After committing a murder in Rome, the famous 17th century Italian painter Caravaggio went to Malta to avoid the death penalty. While there, the Great Master of the Order of the Knights of Malta commissioned him to do a painting for the chapel of the Co-Cathedral of St. John in Valletta. Caravaggio chose as his theme the martyrdom of John the Baptist. He produced The Beheading of St. John, his largest work, the only one he ever signed. No doubt the scene touched him personally. Herod was married to Herodias, his brother Philip’s wife. Because John the Baptist preached against this sin, he incurred the hatred of Herod’s wife. The day her daughter Salome delighted Herod with her seductive dance, Herodias had her make Herod promise to kill John the Baptist. Within the severe architecture of a 16th century prison, Caravaggio vividly depicts the grisly moment when Herod kept his promise. Caravaggio’s work, considered his greatest masterpiece, immortalizes the misguided fidelity of a ruler to his gruesome promise. With the stroke of the soldier’s sword, John dies and so does freedom. Freedom is based on the truth of the human person as created by God and protected by his law.When a ruler can decide against God’s law, true freedom is sentenced to death. Recently, a politician made a promise. Politicians usually do. If this politician fulfills his promise, not only will many of our freedoms as Americans be taken from us, but the innocent and vulnerable will spill their blood. On April 18, 2007, in Gonzales v. Carhart, The Supreme Court upheld the Partial-Birth Abortion Ban. The very next day prominent Democratic members of Congress reintroduced the Freedom of Choice Act (FOCA). The bill is misleadingly packaged as a freedom bill. It is not! It is a clear act of unreasoned bias to end abruptly and brutally the debate on the pressing and fundamental moral issue of the right to life. For thirty-five years, Americans have been wrestling with The Supreme Court’s decision legalizing abortion in Roe v. Wade. Most Americans now favor some kind of a ban on abortion. Most who allow abortion would do so only in very rare cases. In fact, in January, 2008, the Guttmacher Institute published its 14th census of abortion providers in the country. Its statistics showed that the abortion rate continues to decline. Abortions have reached their lowest level since 1974. There is truly a deep sensitivity to life in the soul of America. The Freedom of Choice Act (FOCA) would mortally wound this sensitivity. In effect, it would dismantle the freedom of choice to do all that is necessary to respect and protect human life at its most vulnerable stage. FOCA goes far beyond guaranteeing the right to an abortion throughout the nine months of pregnancy. It arrogantly prohibits any law or policy interfering with that right. While advocates trumpet this law as the triumph of the freedom of choice, they hide the dark reality that the law would actually inhibit choice. Laws protecting the rights of nurses, doctors and hospitals with moral objections to abortion would no longer stand. Health and safety regulations for abortion clinics would also vanish. Gone the freedom of health care professionals to be faithful to the Hippocratic Oath “to prescribe regimens for the good of …patients…and never do harm to anyone, to please no one [by prescribing] a deadly drug nor [by giving] advice which may cause his death.” Gone the freedom of conscience so essential for a civil society! If a minority of avid abortionists succeed to impose this law because of the ignorance or apathy of the majority, the law would force taxpayers to fund abortions. Gone the freedom of taxation with representation! In its 1992 Casey decision, The Supreme Court ruled as constitutional state laws requiring that women and young girls who seek an abortion receive information on the development of the child in the womb as well as alternatives to abortion. The ruling also determined that a period of waiting, usually 24 or 48 hours before making a decision about an abortion is not an undue burden. The Freedom of Choice Act would nullify these laws immediately. Gone the freedom of women and young girls to have all the information they need to make their own choices! In about half of the States, there are parental notification or consent laws in effect for minors seeking an abortion. The Supreme Court has ruled that these laws are permitted under Roe v. Wade. With the stroke of a pen, these laws would be abolished. Gone the freedom of parents to care for and protect their children and grandchildren! Advocates of FOCA redefine a woman’s “health” so as to expressly permit post-viability abortions. Thus, a child who survives an abortion can be left to die for the health of the mother. No politically correct word can mask this reality for what it is. This is infanticide. Gone the freedom for a baby, once born, to live! Science does not dispute that the child in the womb already has all the characteristics that he or she will develop after birth. Notwithstanding, abortionists obstinately refuse the right of the child within the womb to live as a fundamental human right. They are not happy that Americans have not swallowed their distorted propaganda that denies the dignity of the human person from the first moment of conception. Pro-abortion advocates close their eyes to the fact that abortion even hurts women as it undermines the very fabric of our society. Their zeal for the Freedom of Choice Act sounds the alarm for decent Americans to wake up! The more the right to life is denied, the more we lose our freedoms. The “pro-choice” movement is not pro-choice. It stands against the freedom to choose what is right according to the truth of the human person. In 2002, as an Illinois legislator, the present democratic candidate voted against the Induced Infant Liability Act. This law was meant to protect a baby that survived a late-term abortion. When the same legislation came up in the Judiciary Committee on which he served, he held to his opposition. First, he voted “present.” Next, he voted “no.” Along with 108 members of Congress, the present democratic candidate for President continues his strong support for the Freedom of Choice Act. In a speech before the Planned Parenthood Action Fund last year, he made the promise that the first thing he would do as President would be to sign the Freedom of Choice Act. What a choice for a new President! At the time when Herod murdered John the Baptist because of his promise, Rome practiced the principle "one man, one vote." Whoever the emperor in Rome placed in authority over a subject people, ruled. Today we live in a democracy. We choose our leaders who make our laws. Every vote counts. Today, either we choose to respect and protect life, especially the life of the child in the womb of the mother or we sanction the loss of our most basic freedoms. At this point, we are still free to choose! Reprinted with permission of The Beacon, newspaper of the Paterson Diocese.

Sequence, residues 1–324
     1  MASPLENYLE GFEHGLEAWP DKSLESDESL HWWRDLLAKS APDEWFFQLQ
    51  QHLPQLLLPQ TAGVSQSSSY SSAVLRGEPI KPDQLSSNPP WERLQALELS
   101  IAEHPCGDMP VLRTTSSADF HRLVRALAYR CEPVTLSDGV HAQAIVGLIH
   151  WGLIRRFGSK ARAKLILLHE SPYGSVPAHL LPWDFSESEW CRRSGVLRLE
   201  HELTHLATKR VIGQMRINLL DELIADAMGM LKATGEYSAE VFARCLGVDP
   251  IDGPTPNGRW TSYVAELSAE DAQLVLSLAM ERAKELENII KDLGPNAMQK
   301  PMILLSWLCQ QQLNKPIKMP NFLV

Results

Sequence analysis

In Act III, Scene II of The Tragedy of Hamlet, the young prince gives this advice: “Suit the action to the word, the word to the action.” Ever since the publication of the third edition of the Missale Romanum in 2000, translators have been grappling with the challenge of suiting the word to the liturgy. Translators working to provide a fresh translation of the liturgical texts face a number of challenges. Words, like people’s dress, change from one generation to the next and from one group to another in the same society. What one individual calls a “swamp,” another more ecologically conscious individual calls “wetlands.” A politician waxes eloquently about “public participation.” His audience understands him to say “self-denial.” The corporate world routinely uses the noun “impact” as a transitive verb. People follow happily along. Today, politically correct as well as linguistically conscious individuals carefully circumvent the word “man” not to offend women. Past generations pronounced the word with never the slightest intention of excluding women. But times have changed. We speak now about humankind. Certainly, we have gained inclusivity. Yet, we have sacrificed language that is not so abstract. English always has been an open language, ready to welcome neologisms. The Internet has enriched our speech with new phrases and words. Text messaging is altering our spelling and our syntax. Language is a human expression. As people change, so does the way they speak. In his popular rhetorical guide, De duplici copia verborum ac rerum, Erasmus, the 16th century Dutch humanist and theologian, showed students 150 different styles they could use when phrasing the Latin sentence, Tuae literae me magnopere delectarunt (Your letter has delighted me very much). Clearly, no single translation of any sentence or work will ever completely satisfy everyone. Even the best of all possible translations of the new Missal will have its critics. But there is something more at stake than pleasing individual tastes and preferences in the new liturgical translations. The new translations aim at a “language which is easily understandable, yet which at the same time preserves … dignity, beauty, and doctrinal precision” (Liturgiam Authenticam, 25). The new translations now being prepared are a marked improvement over the translations with which we have become familiar. They are densely theological. They respect the rich vocabulary of the Roman Rite. They carefully avoid the overuse of certain phrases and words. The new translations also have a great respect for the style of the Roman Rite. Certainly, some sentences could be more easily translated to mimic our common speech. But they are not. And with reason. Latin orations, especially Post-Communions, tend to conclude strongly with a teleological or eschatological point. The new translations in English follow the sequence of these Latin prayers in order to end on a strong note. Many of our current translations of these prayers end weakly. Why should we strip the English translation of the distinctive theological emphases of the Latin text? A slightly non-colloquial word order can lead the listener to a greater attention to the point of the prayer. Our present liturgical texts are framed in simple syntax. The new translations use more subordinate clauses. This, in and of itself, does not render them unproclaimable. By the very fact that, in some instances, the new translations require thoughtful and careful attention to pauses when speaking helps to foster and create a less rushed and more reverent way of praying. Not a small gain for a proper ars celebrandi. The new translation at times may use uncommon words like “ineffable.” The word is not unspeakable! For sure, this word does not come from the street language of the contemporary individual. But, then, why cannot the liturgy use words that elevate the language from the street to the altar? People may not use certain words in their active vocabulary. This does not mean they will be baffled by their use in the liturgy. “If indeed, in the liturgical texts, words or expressions are sometimes employed which differ somewhat from usual and everyday speech, it is often enough by virtue of this very fact that the texts become truly memorable and capable of expressing heavenly realities” (Liturgiam Authenticam, 27).Liturgical language should border on the poetic. Prose bumps along the ground. Poetry soars to the heavens. And our Liturgy is already a sharing of the Liturgy in heaven. The liturgical texts that we are now using are not perfect, but they are familiar. This familiarity makes celebrants at ease with the present texts. The new texts are better. When the new texts are implemented, they will require more attention on the part of the celebrant. But any initial uneasiness will yield to familiarity and to a language that is well suited to the Liturgy. A language suited for the Liturgy: this is the one of great advantages of the work being done on the new translations. There is more to the Liturgy than the human language of any age or any one country. In the new translations of the Roman Missal, a conscious effort is being made to suit the human word to the divine action that the Liturgy truly is. As Pope Benedict XVI has said, the “central actio of the Mass is fundamentally neither that of the priest as such nor of the laity as such, but of Christ the High Priest: This action of God, which takes place through human speech, is the real "action" for which all creation is in expectation… This is what is new and distinctive about the Christian liturgy: God himself acts and does what is essential” (The Spirit of the Liturgy p. 173).In his early work Enchiridion militis christiani, Erasmus states the obvious about human speech and the divine. He argues that words always fall short of their task of miming the Logos. Reaching back to Exodus 16, he argues that the smallness of the manna rained down on the Israelites "signifies the lowliness of speech that conceals immense mysteries in almost crude language.” Until the end of history, we must be content with imperfect language that will never fully unveil the divine mystery we celebrate. But the new translations, imperfect as they are — as all human speech will be —are good translations that have passed through the hands of many scholars and bishops. The language of the new texts, while not dummied down to the most common denominator, remains readily accessible to anyone. Most assuredly, these new translations of liturgical texts will help us better approach God with greater reverence and awe. We gladly await their final approval from the Holy See and their use in the Liturgy!Reprinted with permission of The Beacon, newspaper of the Paterson Diocese.